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Self-assembled Targeting of Cancer Cells by Iron(III)-doped, Silica Nanoparticles.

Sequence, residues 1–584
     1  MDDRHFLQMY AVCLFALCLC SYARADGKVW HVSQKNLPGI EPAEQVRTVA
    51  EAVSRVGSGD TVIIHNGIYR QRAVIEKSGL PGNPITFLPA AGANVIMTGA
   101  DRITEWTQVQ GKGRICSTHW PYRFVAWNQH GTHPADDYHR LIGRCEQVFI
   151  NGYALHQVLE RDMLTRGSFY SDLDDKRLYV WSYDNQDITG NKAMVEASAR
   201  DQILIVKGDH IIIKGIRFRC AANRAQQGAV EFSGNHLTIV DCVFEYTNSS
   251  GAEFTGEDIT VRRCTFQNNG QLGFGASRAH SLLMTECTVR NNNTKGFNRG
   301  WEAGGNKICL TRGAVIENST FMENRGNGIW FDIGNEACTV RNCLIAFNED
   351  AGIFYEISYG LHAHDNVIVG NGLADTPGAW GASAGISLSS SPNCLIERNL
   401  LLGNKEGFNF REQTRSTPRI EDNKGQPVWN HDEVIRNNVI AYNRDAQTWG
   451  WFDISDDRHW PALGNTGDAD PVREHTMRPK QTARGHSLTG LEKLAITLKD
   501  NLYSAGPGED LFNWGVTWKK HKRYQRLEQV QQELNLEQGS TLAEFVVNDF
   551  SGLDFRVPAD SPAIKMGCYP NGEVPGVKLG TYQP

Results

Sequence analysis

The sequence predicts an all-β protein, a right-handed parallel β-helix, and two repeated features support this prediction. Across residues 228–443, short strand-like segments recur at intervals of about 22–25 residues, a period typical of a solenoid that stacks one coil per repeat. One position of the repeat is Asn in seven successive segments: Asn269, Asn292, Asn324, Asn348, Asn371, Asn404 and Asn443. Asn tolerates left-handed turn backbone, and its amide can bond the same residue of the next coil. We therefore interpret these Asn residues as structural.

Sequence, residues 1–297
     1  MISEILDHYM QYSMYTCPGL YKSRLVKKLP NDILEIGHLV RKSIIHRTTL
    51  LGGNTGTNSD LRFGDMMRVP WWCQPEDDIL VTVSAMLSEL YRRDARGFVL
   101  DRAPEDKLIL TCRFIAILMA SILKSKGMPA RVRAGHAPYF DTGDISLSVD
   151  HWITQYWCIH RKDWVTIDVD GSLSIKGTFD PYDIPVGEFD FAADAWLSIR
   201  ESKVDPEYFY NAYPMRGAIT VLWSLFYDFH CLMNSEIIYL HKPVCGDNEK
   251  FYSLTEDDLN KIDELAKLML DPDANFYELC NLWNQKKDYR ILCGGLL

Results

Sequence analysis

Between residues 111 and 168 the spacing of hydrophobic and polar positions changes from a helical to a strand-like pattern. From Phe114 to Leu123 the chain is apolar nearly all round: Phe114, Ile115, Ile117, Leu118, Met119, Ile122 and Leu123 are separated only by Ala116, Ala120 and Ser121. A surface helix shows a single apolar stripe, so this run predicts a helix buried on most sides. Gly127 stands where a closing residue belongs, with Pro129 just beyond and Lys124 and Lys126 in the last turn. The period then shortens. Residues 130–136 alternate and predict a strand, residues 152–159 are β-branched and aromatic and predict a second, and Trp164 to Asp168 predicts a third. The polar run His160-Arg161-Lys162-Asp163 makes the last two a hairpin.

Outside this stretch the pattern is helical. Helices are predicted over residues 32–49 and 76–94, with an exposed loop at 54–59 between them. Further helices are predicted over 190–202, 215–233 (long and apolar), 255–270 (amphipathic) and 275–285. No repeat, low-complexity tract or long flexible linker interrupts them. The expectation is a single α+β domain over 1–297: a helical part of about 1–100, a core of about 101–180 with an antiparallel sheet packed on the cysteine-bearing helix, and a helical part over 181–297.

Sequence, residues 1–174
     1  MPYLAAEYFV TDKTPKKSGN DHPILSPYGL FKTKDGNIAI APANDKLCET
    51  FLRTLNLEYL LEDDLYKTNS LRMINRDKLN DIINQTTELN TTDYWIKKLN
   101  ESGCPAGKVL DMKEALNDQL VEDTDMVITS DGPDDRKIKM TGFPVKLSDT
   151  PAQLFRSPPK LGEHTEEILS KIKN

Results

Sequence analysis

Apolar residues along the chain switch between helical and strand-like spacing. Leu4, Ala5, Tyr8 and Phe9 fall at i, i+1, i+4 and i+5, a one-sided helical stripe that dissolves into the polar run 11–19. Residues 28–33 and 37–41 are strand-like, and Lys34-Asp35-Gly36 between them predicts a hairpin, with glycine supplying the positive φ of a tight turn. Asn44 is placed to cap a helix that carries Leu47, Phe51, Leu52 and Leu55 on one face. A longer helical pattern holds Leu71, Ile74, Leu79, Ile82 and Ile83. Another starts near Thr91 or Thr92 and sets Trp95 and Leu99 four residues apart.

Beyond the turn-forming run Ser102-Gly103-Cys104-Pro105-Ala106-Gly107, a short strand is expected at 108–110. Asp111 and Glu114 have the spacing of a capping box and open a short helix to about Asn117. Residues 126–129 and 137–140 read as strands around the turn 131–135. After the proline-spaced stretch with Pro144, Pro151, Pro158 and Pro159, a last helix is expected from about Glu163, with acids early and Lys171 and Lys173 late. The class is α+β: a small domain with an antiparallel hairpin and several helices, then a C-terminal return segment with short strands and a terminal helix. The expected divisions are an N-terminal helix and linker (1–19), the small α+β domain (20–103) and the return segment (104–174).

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Iron(III)-doped silica nanoshells are shown to possess an in vitro cell-receptor mediated targeting functionality for endocytosis. Compared to plain silica nanoparticles, iron enriched ones are shown to be target-specific, a property that makes them potentially better vehicles for applications, such as drug delivery and tumor imaging, by making them more selective and thereby reducing the nanoparticle dose. Iron(III) in the nanoshells can interact with endogenous transferrin, a serum protein found in mammalian cell culture media, which subsequently promotes transport of the nanoshells into cells by the transferrin receptor-mediated endocytosis pathway. The enhanced uptake of the iron(III)-doped nanoshells relative to undoped silica nanoshells by a transferrin receptor-mediated pathway was established using fluorescence and confocal microscopy in an epithelial breast cancer cell line. This process was also confirmed using fluorescence activated cell sorting (FACS) measurements that show competitive blocking of nanoparticle uptake by added holo-transferrin.

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